A Froebel Trust grant to launch a new weekly family group at a Edinburgh nursery. The group aims to build a supportive community of families and staff, sharing knowledge and expertise with each other.
Hope Cottage is the oldest maintained nursery in Edinburgh. The nursery serves an inner city area with a diverse community.
The project further developed a supportive community of families and staff to enable children to flourish. ‘Parents are doing the best that they can for their children’ (Scottish Government, 2012, p16) however many ask for further ideas about play, understanding their children’s behaviour and strengthening their relationships with their children. Other programmes do not fit our distinct community nor are they child led.
The project has been developed and delivered over a 3-4 month period. Delivering a parent/child group open to all families, once a week for 75 minutes. The structure of the group provided time for parent learning and discussion, interactive face to face songs based on Froebel’s advice in the Mother Songs, open ended play experiences both indoors and in nature. We had a specific focus to play each week including weaving, cooking, sewing, sand, block play, clay, song but at all times children were free to choose from a well-resourced nursery playroom or a natural environment. The aim was to build a supportive community, sharing knowledge and expertise as well as valuing the knowledge and expertise of parents.
This project builds on previous parental supports at Hope Cottage, building on the expertise in play therapy, filial therapy and supports using the principles of Theraplay. This group focuses on children’s need for play alongside curious, attuned parents learning from their children as they both cherish and encourage play. Developing ‘instinct into insight’ (Froebel, 1878:7). Parents have the opportunity to understand and support their children better, to grow as a family and find solutions to their own challenges. The nuances in ‘freedom with guidance’ are explored.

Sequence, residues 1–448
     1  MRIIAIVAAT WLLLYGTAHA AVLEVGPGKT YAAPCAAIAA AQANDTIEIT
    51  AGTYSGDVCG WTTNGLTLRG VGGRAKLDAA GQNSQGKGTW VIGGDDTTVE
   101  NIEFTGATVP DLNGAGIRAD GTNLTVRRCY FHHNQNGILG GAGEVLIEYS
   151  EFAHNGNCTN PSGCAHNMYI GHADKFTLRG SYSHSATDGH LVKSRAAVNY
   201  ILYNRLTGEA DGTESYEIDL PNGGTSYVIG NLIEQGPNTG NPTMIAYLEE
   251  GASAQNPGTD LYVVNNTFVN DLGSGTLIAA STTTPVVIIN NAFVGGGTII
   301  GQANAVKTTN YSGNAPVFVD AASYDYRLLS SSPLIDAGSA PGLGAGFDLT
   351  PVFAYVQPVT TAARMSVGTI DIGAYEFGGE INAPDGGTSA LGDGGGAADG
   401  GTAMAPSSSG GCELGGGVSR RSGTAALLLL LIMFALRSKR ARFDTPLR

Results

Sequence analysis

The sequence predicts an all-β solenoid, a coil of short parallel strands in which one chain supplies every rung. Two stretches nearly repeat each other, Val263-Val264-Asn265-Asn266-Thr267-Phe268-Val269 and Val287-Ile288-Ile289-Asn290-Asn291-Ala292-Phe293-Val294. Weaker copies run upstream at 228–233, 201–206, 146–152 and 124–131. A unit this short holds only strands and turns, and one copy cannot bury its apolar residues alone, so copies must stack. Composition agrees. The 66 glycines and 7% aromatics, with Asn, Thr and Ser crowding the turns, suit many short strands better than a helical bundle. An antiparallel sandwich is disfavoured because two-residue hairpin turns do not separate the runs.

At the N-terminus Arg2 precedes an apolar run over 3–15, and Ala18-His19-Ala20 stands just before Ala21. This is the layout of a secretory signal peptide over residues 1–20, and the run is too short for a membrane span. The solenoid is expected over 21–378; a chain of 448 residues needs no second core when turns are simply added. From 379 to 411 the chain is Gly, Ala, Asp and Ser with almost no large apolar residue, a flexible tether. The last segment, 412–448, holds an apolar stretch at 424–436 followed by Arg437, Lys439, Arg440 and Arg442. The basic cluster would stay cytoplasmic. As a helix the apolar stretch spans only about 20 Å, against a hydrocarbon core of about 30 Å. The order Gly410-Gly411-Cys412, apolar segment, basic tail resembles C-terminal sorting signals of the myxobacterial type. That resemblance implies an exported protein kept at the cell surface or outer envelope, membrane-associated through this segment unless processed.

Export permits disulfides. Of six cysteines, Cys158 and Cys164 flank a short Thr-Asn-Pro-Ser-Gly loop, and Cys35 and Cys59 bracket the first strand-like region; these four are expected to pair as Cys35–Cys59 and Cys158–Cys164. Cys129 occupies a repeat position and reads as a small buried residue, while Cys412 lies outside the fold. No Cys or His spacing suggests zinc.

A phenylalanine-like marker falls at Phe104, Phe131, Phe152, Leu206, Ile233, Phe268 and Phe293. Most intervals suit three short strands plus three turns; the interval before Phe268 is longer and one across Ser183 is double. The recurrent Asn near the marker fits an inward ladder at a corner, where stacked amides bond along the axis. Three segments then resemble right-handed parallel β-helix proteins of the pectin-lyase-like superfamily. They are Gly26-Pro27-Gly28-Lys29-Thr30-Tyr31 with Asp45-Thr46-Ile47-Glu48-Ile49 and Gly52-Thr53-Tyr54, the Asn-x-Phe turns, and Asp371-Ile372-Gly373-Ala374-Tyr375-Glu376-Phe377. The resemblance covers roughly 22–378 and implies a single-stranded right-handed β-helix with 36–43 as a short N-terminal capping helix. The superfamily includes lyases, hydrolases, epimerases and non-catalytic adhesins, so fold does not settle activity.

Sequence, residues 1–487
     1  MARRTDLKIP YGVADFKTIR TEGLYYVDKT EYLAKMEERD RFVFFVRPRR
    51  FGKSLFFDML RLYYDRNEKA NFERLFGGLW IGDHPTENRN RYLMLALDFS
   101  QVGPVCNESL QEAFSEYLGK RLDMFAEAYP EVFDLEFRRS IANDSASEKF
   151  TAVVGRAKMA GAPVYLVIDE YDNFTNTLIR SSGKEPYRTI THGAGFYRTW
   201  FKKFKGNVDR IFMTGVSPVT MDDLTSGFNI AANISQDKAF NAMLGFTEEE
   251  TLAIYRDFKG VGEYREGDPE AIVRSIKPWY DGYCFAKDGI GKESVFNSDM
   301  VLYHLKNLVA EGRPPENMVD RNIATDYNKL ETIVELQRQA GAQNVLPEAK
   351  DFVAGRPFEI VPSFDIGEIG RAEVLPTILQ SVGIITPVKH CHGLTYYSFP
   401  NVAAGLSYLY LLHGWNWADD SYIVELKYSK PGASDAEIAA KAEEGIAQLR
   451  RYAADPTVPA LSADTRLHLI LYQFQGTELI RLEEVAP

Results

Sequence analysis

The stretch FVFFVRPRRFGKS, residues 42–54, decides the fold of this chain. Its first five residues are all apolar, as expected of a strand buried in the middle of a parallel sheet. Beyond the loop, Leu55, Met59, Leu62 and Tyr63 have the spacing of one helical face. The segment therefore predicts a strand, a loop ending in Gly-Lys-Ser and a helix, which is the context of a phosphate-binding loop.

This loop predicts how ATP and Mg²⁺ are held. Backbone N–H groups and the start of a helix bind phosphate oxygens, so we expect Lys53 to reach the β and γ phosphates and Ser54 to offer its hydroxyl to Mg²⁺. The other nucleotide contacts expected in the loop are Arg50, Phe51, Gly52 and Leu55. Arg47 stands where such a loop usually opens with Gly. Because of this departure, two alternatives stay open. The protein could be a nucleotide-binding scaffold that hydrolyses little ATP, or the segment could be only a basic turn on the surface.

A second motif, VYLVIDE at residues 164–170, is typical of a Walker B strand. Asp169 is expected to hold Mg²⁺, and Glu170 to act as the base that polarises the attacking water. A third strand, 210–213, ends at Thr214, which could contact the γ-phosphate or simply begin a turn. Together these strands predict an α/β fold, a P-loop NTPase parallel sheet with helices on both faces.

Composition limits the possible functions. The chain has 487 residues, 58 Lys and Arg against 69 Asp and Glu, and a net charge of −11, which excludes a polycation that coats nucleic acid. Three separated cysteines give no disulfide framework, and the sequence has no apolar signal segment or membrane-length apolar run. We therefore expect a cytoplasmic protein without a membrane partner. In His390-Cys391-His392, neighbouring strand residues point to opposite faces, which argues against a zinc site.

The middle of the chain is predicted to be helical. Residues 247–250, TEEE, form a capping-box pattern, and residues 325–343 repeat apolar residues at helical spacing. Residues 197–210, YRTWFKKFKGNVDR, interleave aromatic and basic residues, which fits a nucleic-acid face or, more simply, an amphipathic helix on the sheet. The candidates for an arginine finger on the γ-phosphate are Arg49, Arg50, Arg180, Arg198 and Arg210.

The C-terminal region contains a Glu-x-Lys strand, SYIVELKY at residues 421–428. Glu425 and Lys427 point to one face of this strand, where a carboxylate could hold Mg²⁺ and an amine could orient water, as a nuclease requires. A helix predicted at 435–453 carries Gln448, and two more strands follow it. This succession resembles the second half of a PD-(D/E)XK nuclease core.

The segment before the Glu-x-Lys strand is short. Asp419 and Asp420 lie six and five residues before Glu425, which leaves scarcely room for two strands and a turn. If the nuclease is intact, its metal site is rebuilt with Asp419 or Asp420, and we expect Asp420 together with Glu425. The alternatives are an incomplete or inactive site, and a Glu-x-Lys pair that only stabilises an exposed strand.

This project supported parents to have a deeper understanding of attachment, recognising each child as a unique individual, valuing play as the highest level of child development (Froebel 1826 in Lilley, 1967:83), recognising and understanding the emotional and social life and inner world of children and ways to mirror and reflect their children’s inner and outer worlds and contain the intense feelings that children will at times feel. This is an area in which many parents ask for support and the latest neuroscience and the work of Panksepp, Cozolino, Sunderland and Bion’s work on maternal reverie and containment will be shared in accessible ways. The aim was to use the interpreting service, liaise with the English as an Additional Language service, produce more hand-outs and demonstrations/film as part of the parent discussion time to make the group inclusive for all bilingual families whatever their fluency in English.
Part of the project focused on whole staff training in the principles of Theraplay, Froebelian Principles and the effect of adverse experiences on child mental health and ways to empathically support children emotionally and socially. This raised all staff’s capacities to provide on-going parental supports. It is also important that the emotional needs of staff running the group was supported and this was provided through clinical supervision.